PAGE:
WRI has published this graphic as part of its recent report: Leveling The Carbon Playing Field: International Competition and U.S. Climate Policy Design A footnote indicates that 'bubble' size indicates the total CO2 emissions from the industry in 2002. Two thousand two is fairly close to what many would use as a "baseline."
Take note of the highly climate cost-exposed sectors: chemicals, refining, ferrous metals, food and beverage, paper, etc. These are the sectors to watch closely on their Congressional lobbying positions, donations to politicians, and to Think Tanks and PACs. Of critical importance, will be opinion leader industries, per sector, making commitments to GHG reductions and energy efficiency.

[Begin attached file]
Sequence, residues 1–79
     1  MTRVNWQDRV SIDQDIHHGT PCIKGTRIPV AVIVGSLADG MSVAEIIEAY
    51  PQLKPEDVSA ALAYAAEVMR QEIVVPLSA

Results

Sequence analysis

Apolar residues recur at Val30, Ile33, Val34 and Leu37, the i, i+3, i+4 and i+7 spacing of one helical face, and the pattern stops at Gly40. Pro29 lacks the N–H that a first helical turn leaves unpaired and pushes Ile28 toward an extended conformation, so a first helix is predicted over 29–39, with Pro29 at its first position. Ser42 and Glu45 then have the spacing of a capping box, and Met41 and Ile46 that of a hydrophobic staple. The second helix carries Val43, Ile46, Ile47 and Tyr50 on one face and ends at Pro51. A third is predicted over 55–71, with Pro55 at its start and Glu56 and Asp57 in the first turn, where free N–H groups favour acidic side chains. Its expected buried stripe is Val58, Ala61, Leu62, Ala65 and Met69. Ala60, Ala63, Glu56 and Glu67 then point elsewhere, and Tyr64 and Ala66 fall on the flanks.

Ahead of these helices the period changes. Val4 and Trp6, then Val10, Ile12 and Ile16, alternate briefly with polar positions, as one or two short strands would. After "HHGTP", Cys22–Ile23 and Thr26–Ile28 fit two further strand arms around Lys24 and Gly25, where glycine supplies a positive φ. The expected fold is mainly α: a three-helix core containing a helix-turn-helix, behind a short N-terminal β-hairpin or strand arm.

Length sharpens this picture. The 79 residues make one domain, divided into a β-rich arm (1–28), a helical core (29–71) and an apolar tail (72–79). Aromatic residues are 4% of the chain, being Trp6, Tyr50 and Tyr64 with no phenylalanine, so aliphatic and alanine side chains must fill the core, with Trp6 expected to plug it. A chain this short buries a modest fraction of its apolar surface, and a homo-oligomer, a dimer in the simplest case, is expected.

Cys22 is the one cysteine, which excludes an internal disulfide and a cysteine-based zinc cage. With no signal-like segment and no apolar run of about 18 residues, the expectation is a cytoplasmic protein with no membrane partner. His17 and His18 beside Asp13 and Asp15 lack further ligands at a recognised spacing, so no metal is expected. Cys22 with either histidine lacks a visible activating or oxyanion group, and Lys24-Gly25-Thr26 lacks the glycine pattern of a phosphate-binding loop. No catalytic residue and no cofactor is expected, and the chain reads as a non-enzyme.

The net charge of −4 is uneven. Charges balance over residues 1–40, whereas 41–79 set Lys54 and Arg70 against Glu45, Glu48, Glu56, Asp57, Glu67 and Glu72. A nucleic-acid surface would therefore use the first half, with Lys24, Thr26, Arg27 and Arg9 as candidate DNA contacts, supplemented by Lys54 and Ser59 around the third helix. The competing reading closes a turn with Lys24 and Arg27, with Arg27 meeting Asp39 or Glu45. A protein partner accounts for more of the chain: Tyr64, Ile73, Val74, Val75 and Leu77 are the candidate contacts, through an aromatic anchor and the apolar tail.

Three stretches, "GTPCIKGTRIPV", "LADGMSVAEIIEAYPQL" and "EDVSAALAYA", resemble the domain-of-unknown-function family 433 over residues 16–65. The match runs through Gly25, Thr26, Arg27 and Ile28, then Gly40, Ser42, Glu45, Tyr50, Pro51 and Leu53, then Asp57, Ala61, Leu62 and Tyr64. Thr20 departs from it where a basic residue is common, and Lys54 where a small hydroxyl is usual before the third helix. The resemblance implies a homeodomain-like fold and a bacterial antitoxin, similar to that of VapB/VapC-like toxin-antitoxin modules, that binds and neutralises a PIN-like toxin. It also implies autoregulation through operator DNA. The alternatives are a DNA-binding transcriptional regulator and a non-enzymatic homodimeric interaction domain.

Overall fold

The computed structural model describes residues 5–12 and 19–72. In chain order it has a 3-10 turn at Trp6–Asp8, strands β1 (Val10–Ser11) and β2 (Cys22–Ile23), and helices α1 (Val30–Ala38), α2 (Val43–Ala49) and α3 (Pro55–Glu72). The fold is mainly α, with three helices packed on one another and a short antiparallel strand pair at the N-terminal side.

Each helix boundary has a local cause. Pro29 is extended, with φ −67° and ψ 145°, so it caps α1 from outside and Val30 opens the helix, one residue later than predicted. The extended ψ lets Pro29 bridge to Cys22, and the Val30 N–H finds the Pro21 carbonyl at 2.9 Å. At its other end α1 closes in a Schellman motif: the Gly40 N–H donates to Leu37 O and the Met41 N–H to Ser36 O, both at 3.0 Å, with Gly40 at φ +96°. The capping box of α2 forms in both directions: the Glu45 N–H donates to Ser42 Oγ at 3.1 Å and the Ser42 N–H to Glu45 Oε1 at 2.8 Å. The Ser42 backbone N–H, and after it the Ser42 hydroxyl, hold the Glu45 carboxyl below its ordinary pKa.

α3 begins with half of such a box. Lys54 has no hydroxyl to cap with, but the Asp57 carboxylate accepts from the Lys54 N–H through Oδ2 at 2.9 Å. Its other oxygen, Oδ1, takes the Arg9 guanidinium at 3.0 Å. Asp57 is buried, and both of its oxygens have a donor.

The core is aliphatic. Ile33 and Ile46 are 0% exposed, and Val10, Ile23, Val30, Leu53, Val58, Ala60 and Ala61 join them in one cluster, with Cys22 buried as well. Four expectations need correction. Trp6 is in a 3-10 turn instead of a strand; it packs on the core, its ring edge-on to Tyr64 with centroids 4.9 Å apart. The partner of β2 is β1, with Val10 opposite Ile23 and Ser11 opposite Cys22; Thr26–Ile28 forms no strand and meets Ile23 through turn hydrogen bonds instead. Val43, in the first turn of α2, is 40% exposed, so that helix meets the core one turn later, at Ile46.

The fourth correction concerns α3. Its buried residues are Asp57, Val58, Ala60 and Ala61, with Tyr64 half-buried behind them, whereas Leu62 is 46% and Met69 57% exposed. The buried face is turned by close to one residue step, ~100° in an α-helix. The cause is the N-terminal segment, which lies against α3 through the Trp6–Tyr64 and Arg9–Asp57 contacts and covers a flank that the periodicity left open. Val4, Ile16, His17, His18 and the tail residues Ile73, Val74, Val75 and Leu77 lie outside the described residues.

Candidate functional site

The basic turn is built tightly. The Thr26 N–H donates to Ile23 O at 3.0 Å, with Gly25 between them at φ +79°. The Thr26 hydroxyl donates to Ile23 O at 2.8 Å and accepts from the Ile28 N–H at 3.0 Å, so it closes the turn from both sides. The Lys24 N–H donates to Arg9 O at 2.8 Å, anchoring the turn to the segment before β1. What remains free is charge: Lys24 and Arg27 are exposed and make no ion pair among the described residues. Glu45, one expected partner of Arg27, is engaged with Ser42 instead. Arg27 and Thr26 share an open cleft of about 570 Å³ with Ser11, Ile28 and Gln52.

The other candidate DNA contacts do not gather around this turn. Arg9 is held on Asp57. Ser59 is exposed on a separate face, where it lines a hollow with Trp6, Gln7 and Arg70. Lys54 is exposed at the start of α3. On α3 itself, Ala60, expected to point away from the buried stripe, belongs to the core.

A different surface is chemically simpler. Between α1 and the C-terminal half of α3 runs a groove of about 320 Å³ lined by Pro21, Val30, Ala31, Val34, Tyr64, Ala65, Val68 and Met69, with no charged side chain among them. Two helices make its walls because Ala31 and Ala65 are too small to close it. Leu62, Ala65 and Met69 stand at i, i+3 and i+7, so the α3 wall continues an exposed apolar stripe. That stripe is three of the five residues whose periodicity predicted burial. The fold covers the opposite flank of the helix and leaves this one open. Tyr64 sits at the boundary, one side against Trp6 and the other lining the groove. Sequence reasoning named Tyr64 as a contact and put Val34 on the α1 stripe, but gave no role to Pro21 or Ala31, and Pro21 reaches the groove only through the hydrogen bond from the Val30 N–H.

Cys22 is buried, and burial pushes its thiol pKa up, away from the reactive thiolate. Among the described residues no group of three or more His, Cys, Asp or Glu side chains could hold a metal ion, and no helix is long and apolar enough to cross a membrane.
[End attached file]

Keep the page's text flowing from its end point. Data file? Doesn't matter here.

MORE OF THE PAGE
Finally, consider the cost exposure linkage between the paper, chemicals, food and beverage sectors (tied by packaging and distribution cost impacts). Combine that with the global food price hikes driven by biofuels, in part, and it is clear that Food & Beverage is in for a world of climate cost pain (as are consumers). Although, peak oil and the growing demand for energy in China and India are of similar importance.